The latest iteration of the “City Garden Project”, known until recently as the “City Square Project”, was launched by Ian Wood at a press conference in November 2008. He pledged £50 million towards the new scheme to redevelop the Gardens, although that only meets part of the anticipated cost. In fact, on the City Garden group’s own figures, the project will cost £140 million. Much of that will come from “Tax Incremental Financing”, which means that increased business rates will pay for it. That must raise anxieties amongst Aberdeen’s hard-pressed businesses.
The project has taken three years to reach this point, where a design competition has yielded six schemes. Now, the extent of the proposed transformation is clear. There is the serious matter of destroying the city centre’s only green lung, and chopping down many handsome trees: each of the six schemes reduces the extent of greenery in order to form large areas of hard landscaping.
In several schemes, the gardens become more like Castle Terrace in Edinburgh, creating a “plaza” on top where farmers’ markets, carnival jugglers and political rallies can do their respective piece. Yet the north-easterly aspect of Union Terrace is ill-suited to public gatherings, and creating a vast open space will open the Terrace up to the biting wind which howls in from the North Sea. The sunken form of the current gardens provides very necessary shelter.
If you’re dead set on creating a City Square, you should first consider that Aberdeen already has a large urban plaza, at the knuckle of Union Street and King Street, and it was the hub of the city’s life for hundreds of years: the Castlegate. The City Garden scheme aims to create “a civic space for major outdoor events, gatherings, festivals and concerts”. Perhaps the Castlegate could be better utilised?
Creating a “cosmopolitan city centre café quarter” is another aim of the City Garden Project, yet nearby Belmont Street has innumerable coffee shops. The proposal also aims to create “an inspirational building to house art and artists, sculptures and sculptors, dance and dancers, music and musicians.” Yet just across the road from Union Terrace Gardens lie His Majesty’s Theatre, plus the city’s art galleries.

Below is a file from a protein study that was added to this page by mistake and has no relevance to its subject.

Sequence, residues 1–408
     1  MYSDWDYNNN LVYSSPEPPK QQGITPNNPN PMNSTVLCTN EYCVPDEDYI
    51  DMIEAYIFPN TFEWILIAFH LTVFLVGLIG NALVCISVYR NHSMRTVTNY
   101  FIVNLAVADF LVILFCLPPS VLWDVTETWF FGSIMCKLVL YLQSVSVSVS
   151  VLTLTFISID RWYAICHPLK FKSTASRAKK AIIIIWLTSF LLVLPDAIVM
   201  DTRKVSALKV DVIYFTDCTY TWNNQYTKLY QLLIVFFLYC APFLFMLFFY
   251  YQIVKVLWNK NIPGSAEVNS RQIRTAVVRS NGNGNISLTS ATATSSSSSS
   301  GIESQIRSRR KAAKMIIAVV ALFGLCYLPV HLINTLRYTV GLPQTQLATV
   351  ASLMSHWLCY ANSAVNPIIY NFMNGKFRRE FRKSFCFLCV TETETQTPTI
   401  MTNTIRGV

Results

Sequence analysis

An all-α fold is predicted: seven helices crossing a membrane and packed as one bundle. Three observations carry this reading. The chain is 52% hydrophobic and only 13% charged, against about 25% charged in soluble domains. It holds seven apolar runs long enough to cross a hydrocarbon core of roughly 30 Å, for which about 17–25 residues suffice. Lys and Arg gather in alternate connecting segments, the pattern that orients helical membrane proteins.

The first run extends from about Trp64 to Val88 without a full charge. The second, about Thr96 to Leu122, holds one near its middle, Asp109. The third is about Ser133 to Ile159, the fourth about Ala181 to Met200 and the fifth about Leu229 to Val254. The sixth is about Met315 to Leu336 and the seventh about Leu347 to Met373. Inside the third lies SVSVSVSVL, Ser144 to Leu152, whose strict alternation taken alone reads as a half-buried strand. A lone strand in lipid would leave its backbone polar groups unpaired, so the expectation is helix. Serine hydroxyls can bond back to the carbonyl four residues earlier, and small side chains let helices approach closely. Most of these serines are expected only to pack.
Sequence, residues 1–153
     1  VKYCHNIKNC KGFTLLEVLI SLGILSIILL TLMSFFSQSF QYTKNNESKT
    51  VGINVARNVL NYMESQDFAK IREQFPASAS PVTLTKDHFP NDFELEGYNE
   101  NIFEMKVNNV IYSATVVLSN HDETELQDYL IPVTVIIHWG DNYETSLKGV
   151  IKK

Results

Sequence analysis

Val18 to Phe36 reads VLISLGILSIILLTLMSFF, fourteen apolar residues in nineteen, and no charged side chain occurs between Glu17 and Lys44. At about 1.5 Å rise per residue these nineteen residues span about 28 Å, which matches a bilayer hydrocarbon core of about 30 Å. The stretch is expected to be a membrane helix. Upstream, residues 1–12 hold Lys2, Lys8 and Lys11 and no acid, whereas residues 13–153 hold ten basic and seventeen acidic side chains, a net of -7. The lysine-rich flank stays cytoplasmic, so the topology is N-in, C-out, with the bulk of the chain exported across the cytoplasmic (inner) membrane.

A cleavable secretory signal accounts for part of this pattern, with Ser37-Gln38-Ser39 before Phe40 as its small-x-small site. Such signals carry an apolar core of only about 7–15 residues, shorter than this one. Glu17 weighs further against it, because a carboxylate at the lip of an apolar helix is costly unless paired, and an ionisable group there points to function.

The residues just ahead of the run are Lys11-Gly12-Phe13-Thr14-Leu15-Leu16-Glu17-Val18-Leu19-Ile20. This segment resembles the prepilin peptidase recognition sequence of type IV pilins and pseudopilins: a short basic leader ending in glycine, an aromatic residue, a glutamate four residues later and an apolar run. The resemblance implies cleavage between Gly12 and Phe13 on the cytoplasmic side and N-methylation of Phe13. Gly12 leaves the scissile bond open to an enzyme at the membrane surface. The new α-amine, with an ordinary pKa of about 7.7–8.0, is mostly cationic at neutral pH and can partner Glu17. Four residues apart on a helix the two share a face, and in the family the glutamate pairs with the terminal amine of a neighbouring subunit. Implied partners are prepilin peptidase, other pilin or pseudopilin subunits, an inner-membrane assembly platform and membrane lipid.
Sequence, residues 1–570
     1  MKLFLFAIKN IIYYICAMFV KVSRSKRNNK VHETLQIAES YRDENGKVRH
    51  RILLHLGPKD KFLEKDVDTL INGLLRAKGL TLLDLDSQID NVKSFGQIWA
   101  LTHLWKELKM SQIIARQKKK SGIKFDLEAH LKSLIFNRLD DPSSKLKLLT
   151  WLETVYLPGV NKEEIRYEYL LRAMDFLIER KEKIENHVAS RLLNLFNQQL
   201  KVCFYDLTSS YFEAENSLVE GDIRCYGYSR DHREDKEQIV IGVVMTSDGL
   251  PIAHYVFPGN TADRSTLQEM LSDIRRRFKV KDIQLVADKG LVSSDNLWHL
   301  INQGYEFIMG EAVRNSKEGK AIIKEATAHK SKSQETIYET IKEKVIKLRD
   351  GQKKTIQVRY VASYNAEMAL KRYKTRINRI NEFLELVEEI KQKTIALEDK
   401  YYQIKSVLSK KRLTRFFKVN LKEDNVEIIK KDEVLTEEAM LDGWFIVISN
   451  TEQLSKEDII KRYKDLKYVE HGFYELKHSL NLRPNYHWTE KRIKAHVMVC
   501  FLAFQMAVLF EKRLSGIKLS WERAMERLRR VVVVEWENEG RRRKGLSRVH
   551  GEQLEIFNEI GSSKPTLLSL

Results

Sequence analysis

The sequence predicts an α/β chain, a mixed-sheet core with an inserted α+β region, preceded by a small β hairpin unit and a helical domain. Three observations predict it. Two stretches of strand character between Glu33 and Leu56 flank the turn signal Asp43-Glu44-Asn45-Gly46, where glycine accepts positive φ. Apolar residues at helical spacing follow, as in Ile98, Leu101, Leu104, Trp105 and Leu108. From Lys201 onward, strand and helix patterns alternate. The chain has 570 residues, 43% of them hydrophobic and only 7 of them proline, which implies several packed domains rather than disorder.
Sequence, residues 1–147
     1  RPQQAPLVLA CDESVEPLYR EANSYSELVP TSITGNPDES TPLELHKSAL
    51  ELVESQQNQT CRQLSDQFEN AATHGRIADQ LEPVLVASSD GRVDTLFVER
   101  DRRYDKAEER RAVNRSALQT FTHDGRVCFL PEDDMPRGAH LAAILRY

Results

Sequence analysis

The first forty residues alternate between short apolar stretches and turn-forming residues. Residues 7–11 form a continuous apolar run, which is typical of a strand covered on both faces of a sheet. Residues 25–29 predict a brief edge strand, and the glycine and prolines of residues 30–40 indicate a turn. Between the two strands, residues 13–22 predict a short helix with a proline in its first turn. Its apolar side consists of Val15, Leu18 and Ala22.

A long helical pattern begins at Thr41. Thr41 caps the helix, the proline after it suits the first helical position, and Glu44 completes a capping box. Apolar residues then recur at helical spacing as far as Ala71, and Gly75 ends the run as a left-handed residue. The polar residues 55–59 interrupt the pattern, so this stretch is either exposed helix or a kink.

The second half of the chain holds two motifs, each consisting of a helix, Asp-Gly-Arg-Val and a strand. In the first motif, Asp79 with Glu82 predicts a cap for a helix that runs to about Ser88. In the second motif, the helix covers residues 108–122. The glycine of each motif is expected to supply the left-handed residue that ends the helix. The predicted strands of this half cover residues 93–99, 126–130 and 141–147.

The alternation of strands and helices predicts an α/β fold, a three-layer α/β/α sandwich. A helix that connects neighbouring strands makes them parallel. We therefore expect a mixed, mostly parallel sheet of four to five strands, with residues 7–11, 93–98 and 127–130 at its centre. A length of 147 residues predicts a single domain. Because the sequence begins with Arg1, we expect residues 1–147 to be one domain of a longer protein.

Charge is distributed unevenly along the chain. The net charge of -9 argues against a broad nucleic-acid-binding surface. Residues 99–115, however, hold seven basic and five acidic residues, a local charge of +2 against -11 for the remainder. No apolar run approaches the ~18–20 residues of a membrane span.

It is also telling that Peacock Visual Arts had a scheme to build a new gallery in the Gardens: it had received full planning permission, secured £9.5 million of funding and was scheduled to break ground late November 2009… before being rejected by the city councillors once Ian Wood’s proposals broke cover. It seems that a realistic prospect was sacrificed for an unbuildable vision.
The City Garden scheme certainly doesn’t have broad support - a majority voted “no” in the public consultation exercise - yet at the launch of the project in 2008, First Minister Alex Salmond said: “I cannot emphasise more strongly that for anything like this to happen and to be able to harness public funds it has to have the support of folk in the North-east, and Aberdonians in particular.”
Perhaps the final word should go to Professor Robin Webster, whose students looked at the Union Terrace Gardens “problem” many times. Webster wrote a letter to the P&J, “The schemes propose an all or nothing approach, whereas some more modest links across the road and railway, along with redesigned graded access from the perimeter, could resolve the problems without sacrificing the gardens themselves.” Judging by other letters to the local papers, it seems that many Aberdonians hope that this proposal will go the way of previous schemes…
Postscript: And so it came to pass. On 22nd August 2012, Aberdeen City Council rejected the Ian Wood scheme by 22 votes to 20, and the day after, Wood retracted his offer of £50m. You can be sure, though, that the scheme will resurface some day, in another form…